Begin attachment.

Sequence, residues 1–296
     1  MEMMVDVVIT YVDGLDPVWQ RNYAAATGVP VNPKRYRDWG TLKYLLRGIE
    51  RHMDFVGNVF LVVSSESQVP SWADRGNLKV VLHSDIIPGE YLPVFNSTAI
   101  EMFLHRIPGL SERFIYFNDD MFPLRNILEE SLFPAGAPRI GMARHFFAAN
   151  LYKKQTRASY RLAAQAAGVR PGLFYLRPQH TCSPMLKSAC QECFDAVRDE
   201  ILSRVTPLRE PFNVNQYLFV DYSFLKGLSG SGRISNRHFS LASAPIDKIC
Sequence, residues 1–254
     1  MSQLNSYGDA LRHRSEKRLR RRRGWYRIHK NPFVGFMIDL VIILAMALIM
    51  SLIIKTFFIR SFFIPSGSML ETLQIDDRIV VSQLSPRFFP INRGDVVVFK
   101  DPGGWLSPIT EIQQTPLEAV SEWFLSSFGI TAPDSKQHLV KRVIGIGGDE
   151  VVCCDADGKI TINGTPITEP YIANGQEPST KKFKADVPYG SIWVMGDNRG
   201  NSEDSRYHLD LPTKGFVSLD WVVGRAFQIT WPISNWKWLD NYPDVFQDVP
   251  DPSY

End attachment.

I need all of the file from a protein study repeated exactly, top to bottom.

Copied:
Sequence, residues 1–296
     1  MEMMVDVVIT YVDGLDPVWQ RNYAAATGVP VNPKRYRDWG TLKYLLRGIE
    51  RHMDFVGNVF LVVSSESQVP SWADRGNLKV VLHSDIIPGE YLPVFNSTAI
   101  EMFLHRIPGL SERFIYFNDD MFPLRNILEE SLFPAGAPRI GMARHFFAAN
   151  LYKKQTRASY RLAAQAAGVR PGLFYLRPQH TCSPMLKSAC QECFDAVRDE
   201  ILSRVTPLRE PFNVNQYLFV DYSFLKGLSG SGRISNRHFS LASAPIDKIC
Sequence, residues 1–254
     1  MSQLNSYGDA LRHRSEKRLR RRRGWYRIHK NPFVGFMIDL VIILAMALIM
    51  SLIIKTFFIR SFFIPSGSML ETLQIDDRIV VSQLSPRFFP INRGDVVVFK
   101  DPGGWLSPIT EIQQTPLEAV SEWFLSSFGI TAPDSKQHLV KRVIGIGGDE
   151  VVCCDADGKI TINGTPITEP YIANGQEPST KKFKADVPYG SIWVMGDNRG
   201  NSEDSRYHLD LPTKGFVSLD WVVGRAFQIT WPISNWKWLD NYPDVFQDVP
   251  DPSY